February 06, 2014
Ngati Kuri signs settlement for now
Ngati Kuri is gathering at Ngataki this morning to sign its treaty settlement.
The ceremony comes 27 years after the Waitangi Tribunal started the Muriwhenua Claim hearings, and 17 years after it reported.
The negotiations, which dragged on for years after the Crown refused to deal with the claimant collective and instead went back to the individual tribes, has resulted in a settlement that includes $21 million in commercial redress.
Cultural redress includes acknowledgement of its interests in Te Oneroa a Tohe 90 Mile Beach and the conservation estate.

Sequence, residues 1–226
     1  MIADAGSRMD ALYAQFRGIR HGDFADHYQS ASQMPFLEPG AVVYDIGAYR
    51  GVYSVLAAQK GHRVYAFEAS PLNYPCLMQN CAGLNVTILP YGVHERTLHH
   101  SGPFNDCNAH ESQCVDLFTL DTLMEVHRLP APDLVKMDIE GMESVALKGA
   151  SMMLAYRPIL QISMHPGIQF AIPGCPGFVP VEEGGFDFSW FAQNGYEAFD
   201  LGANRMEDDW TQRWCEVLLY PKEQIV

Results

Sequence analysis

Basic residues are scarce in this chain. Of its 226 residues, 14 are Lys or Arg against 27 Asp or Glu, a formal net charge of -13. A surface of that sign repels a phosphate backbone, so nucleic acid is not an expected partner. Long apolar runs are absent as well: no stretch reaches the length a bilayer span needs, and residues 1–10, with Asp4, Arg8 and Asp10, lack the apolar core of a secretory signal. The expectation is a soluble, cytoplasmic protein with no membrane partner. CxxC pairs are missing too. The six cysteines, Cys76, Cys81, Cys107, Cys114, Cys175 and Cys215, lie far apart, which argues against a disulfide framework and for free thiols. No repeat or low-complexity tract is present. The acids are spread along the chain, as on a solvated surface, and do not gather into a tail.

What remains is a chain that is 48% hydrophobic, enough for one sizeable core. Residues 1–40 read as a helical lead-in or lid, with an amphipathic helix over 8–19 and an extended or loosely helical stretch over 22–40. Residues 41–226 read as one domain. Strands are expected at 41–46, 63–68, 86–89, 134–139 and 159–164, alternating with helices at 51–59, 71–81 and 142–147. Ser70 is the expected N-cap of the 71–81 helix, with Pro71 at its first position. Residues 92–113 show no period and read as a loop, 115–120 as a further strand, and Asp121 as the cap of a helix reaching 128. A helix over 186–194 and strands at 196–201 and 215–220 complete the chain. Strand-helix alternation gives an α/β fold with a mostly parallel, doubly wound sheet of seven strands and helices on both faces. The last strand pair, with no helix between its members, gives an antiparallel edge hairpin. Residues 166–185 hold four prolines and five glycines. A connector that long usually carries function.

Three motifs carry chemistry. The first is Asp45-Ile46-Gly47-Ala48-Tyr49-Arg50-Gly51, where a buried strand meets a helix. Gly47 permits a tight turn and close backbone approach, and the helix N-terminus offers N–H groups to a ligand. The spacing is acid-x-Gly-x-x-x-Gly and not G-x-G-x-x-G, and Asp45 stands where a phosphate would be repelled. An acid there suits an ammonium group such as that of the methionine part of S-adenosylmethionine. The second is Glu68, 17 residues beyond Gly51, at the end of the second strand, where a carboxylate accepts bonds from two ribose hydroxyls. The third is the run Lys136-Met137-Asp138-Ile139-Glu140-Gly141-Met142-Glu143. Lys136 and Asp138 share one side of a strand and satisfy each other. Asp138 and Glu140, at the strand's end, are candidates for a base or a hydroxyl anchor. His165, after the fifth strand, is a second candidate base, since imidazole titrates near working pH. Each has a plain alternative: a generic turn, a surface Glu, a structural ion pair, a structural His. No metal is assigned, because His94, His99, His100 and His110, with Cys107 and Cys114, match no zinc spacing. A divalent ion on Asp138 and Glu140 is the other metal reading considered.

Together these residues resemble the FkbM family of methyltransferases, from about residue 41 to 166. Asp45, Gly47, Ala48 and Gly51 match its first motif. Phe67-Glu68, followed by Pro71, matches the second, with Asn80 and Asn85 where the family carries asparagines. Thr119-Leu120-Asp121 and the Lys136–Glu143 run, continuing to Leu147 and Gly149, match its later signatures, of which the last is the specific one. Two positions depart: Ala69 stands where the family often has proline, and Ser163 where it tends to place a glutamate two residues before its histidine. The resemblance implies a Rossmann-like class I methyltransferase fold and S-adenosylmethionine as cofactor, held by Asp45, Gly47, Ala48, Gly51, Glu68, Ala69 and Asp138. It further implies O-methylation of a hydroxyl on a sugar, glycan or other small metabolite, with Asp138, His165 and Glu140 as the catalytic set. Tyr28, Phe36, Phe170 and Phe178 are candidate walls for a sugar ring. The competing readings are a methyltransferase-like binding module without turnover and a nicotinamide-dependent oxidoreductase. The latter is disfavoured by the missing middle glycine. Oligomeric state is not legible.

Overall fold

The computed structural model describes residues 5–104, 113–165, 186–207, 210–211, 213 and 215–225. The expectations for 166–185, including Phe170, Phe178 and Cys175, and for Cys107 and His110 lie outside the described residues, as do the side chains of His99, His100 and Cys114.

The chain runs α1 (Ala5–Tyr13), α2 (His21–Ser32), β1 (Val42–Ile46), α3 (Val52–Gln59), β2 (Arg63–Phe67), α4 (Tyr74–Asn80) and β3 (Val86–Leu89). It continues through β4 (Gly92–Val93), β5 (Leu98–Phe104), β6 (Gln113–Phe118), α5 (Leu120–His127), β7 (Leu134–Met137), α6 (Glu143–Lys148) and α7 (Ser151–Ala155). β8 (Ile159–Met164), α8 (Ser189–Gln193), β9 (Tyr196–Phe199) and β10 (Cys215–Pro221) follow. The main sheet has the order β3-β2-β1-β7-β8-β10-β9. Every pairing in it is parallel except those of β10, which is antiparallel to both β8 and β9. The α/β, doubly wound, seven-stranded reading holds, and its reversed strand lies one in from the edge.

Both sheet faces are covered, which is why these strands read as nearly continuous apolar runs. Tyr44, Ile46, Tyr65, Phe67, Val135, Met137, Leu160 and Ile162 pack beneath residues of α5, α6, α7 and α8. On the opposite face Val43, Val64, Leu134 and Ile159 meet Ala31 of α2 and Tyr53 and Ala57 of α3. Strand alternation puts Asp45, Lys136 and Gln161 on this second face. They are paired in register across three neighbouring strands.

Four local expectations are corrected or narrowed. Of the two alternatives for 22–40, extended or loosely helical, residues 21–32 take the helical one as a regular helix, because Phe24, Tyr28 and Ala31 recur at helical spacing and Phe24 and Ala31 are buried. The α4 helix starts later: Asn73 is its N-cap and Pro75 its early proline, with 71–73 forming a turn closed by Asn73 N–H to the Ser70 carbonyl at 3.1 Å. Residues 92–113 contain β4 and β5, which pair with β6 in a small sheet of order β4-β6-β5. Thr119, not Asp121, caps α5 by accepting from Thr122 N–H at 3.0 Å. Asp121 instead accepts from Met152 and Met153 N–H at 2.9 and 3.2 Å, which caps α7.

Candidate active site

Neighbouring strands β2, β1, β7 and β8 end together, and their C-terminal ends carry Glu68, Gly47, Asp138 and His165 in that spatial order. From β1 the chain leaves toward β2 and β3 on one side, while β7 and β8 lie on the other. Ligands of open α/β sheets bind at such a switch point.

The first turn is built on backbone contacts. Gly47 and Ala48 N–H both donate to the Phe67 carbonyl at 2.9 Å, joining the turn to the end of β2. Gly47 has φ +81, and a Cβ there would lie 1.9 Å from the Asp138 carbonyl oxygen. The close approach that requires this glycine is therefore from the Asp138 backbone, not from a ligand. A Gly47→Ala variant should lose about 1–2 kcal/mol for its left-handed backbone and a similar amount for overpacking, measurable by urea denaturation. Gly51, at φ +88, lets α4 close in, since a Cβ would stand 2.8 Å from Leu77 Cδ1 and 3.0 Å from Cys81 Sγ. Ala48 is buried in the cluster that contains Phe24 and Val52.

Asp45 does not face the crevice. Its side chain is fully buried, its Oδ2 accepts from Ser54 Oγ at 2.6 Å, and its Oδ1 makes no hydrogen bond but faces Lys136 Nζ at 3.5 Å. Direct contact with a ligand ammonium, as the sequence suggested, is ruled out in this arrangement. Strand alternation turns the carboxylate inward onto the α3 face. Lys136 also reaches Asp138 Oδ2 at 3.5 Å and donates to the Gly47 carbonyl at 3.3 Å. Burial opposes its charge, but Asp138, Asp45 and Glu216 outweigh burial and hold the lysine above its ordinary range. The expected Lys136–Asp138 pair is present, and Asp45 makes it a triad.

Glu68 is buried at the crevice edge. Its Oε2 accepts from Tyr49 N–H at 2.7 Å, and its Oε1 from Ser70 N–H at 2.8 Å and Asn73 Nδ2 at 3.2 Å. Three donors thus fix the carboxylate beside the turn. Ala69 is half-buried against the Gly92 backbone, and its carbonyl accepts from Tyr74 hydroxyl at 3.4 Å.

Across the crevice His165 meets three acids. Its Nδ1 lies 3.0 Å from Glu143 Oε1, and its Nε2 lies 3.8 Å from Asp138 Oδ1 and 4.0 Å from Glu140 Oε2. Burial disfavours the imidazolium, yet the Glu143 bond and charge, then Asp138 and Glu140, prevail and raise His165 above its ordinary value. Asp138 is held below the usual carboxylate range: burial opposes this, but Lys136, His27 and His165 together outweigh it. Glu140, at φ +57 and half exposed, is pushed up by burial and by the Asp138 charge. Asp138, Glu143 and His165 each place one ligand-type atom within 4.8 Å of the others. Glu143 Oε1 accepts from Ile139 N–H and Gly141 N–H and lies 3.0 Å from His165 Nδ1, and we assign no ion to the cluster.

Ngati Kuri chair Harry Burkhardt says it represents a fraction of what the tribe lost and doesn’t address issues of justice.
"We don’t see the package as dealing with the justice around the process. We’ve always viewed (settlements) as political compacts, and despite the crown wanting to make them full and final, we are not bound by that. Next generations will take a different view of what the treaty settlement process looks like so they have the liberty to take a different tack if they wish," he says.
Harry Burkhardt says a priority is to fix Ngati Kuri’s broken relationship with the Crown.
Copyright © 2014, UMA Broadcasting Ltd